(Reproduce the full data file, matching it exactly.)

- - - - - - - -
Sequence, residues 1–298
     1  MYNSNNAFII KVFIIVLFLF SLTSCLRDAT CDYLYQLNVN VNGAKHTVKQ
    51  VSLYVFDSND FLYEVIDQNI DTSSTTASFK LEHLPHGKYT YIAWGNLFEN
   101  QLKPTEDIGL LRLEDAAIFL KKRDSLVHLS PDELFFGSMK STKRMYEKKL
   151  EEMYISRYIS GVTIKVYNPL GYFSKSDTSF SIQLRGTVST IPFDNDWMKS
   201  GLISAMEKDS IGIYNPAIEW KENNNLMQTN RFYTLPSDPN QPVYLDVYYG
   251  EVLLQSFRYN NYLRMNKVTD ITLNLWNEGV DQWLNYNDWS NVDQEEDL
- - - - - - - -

Sequence, residues 1–298
     1  MYNSNNAFII KVFIIVLFLF SLTSCLRDAT CDYLYQLNVN VNGAKHTVKQ
    51  VSLYVFDSND FLYEVIDQNI DTSSTTASFK LEHLPHGKYT YIAWGNLFEN
   101  QLKPTEDIGL LRLEDAAIFL KKRDSLVHLS PDELFFGSMK STKRMYEKKL
   151  EEMYISRYIS GVTIKVYNPL GYFSKSDTSF SIQLRGTVST IPFDNDWMKS
   201  GLISAMEKDS IGIYNPAIEW KENNNLMQTN RFYTLPSDPN QPVYLDVYYG
   251  EVLLQSFRYN NYLRMNKVTD ITLNLWNEGV DQWLNYNDWS NVDQEEDL